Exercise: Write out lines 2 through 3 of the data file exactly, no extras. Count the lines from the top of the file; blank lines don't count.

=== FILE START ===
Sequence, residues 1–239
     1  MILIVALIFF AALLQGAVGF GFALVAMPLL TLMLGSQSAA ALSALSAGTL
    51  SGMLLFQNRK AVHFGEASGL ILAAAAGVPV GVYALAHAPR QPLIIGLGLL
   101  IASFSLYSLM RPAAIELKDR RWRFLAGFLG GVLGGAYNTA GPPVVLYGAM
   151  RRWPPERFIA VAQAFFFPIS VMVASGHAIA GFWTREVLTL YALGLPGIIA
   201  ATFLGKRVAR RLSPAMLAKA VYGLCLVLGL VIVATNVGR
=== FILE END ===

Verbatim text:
     1  MILIVALIFF AALLQGAVGF GFALVAMPLL TLMLGSQSAA ALSALSAGTL
    51  SGMLLFQNRK AVHFGEASGL ILAAAAGVPV GVYALAHAPR QPLIIGLGLL